Above all, "despite the consistent abuse ... of human rights and international humanitarian law, measures to hold accountable members of government security forces and armed groups across Sudan, and [a] reform of the judiciary, have yet to be undertaken," the report states.
The report, titled "Annual Report on the Human Rights Situation in the Sudan, March 2005 March 2006," goes on to charge the Khartoum government with fostering conditions of inhuman and discriminatory treatment of large sections of the population, denying medical care to refugee populations, and brutalizing displaced persons who seek housing or aid near the capital.
The report estimates that currently 1.5 million people have been internally displaced and are living in squalid conditions in refugee camps throughout the Darfur region, squatter settlements scattered across the country, and in impoverished areas in the outlying districts of Khartoum.
The report documents the conditions of one such camp near Khartoum known as the Mayo camp. Mayo currently houses 50,000 people from several southern-based tribal groups. Heavily armed government troops roam the camps freely. Refugees live in squalid conditions, including poor public restroom facilities, a dangerous open drainage system near where children play, lack of electricity, no publicly funded humanitarian aid, generally very poor sanitation conditions, and almost no transportation. This camp is considered among the most developed of all of Sudan's refugee camps, according to the report.
Politically, the government uses arrest and torture to silence political opponents and dramatically undermines rights to free expression and association. Government security forces have attacked peaceful demonstrators on many occasions. Journalists and humanitarian workers who seek to bring these crimes to the attention of the world are regularly harassed, arrested, threatened and prescribed.
Many political opponents of the government, especially those suspected of having ties to the Sudan Liberation Army/Movement (SLA/M), have been arrested and subjected to torture in order to extract confessions of sedition or other crimes by government security forces.
In early 2006, the ruling party of the Sudan government passed a law called the Organization of Humanitarian Voluntary Work Act. This law, ostensibly to encourage humanitarian work, actually provided the government with "sweeping powers ... to interfere in the work of human rights defenders, both foreign and local humanitarian and human rights organizations operating inside Sudan," the report observes.
SOAT concludes that once this law is fully enforced, rather than aiding humanitarian work, "NGOs and their members will be effectively controlled and criminalized." The law provides for surveillance of NGO activities, and critics of the government, as is now common practice, will be punished more efficiently.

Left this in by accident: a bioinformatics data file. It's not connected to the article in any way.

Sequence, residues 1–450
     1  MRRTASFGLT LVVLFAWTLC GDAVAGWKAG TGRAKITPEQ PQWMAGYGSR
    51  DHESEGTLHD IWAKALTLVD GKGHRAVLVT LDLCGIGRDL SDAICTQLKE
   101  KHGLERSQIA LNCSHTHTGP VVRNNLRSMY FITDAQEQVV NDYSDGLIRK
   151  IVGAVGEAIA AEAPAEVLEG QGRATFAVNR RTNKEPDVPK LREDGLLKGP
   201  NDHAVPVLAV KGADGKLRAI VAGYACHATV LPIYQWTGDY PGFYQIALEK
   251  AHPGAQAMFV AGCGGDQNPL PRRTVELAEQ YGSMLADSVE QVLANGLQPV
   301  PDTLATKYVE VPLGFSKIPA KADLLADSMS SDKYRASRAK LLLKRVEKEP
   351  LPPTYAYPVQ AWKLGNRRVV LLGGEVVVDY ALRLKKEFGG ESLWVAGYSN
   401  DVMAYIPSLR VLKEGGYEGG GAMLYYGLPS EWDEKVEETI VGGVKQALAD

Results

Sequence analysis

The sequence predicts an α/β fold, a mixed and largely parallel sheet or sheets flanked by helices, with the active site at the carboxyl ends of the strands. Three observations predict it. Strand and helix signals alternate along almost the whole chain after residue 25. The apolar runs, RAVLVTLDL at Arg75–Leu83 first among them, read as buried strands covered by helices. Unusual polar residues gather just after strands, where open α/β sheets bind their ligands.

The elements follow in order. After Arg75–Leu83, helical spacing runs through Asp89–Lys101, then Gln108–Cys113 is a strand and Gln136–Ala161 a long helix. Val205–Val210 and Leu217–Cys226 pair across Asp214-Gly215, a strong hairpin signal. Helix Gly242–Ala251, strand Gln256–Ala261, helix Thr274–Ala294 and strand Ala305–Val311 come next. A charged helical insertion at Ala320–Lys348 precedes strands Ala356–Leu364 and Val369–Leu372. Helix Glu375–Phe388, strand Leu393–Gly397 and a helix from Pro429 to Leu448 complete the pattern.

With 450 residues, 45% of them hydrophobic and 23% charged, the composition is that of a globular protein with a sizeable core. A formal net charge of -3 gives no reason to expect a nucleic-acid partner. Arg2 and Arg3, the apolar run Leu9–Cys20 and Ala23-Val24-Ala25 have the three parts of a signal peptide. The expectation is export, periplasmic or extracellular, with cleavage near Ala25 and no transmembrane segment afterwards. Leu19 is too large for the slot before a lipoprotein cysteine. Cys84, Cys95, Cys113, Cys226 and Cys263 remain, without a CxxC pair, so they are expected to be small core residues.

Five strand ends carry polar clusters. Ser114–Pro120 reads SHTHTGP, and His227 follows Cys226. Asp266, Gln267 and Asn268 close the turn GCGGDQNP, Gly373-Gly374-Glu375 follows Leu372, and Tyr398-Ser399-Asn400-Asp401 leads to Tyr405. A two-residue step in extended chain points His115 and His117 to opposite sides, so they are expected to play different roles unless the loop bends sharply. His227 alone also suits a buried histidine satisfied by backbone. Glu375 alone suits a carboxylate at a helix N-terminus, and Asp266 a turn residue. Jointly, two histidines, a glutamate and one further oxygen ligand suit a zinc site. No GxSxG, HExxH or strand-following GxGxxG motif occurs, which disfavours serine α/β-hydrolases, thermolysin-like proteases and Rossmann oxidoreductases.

In a poignant section that provides just a small hint of the extent of ongoing violence, the report lists dozens of cases of sexual- and
gender-based violence and violence against children, without identifying individuals by name. It documents numerous cases of arbitrary arrest and detention, hundreds of killings, and many hundreds of wounded by name and incident for which it found specific documentation. This small sampling probably only scratches the surface of the total number of people affected in the last year.
Recommendations for Reform and Justice
To remedy this ongoing humanitarian crisis, SOAT recommends five important reforms: imposing a cease-fire in Darfur, implementing the new Constitution, initiating legal reforms, reforming the security sector, and developing and refashioning the education system.
In Darfur, the report calls on both government forces and opposition forces to immediately implement a cease-fire and prioritize the protection of non-combatants. It calls for the government to cooperate fully with the International Criminal Court (ICC) and bring perpetrators of violence to justice with fair legal proceedings.
The comprehensive peace agreement provided for the adoption of a new "Interim Constitution," which under the present government has not been fully implemented. This Constitution provides protections through a "Bill of Rights" for political and civil freedoms and equality. SOAT's report challenges the Sudan government to guarantee these rights and apply them equally to all people, including those in Darfur. Additionally, the report calls for full protection and access for international and local humanitarian and human rights workers to the affected areas.
Rather than promoting religious or ethnic divisions, the central government must guarantee the provisions and spirit of the Constitution "as regards the status of Khartoum as a symbol of national unity that reflects the diversity of Sudan, including ensuring the implementation of secular law, with particular reference to respect for various religions, beliefs and customs."
In the legal arena, torture and arbitrary arrest violate current Sudanese law, the report argues. A full review of the legal process should be undertaken, and judges and lawyers that reflect the ethnic and religious diversity of the country should oversee reforms and be placed permanently in all levels of the judicial system, recommends the report. In addition the recently established "Special Court for Darfur," universally characterized as a kangaroo court designed to prosecute political opponents of the government under the guise of justice for Darfur, is outside the bounds of existing law and must be replaced, in order to bring perpetrators of mass killings and other violence to justice who may not be meet the specific judicial criteria of the ICC.
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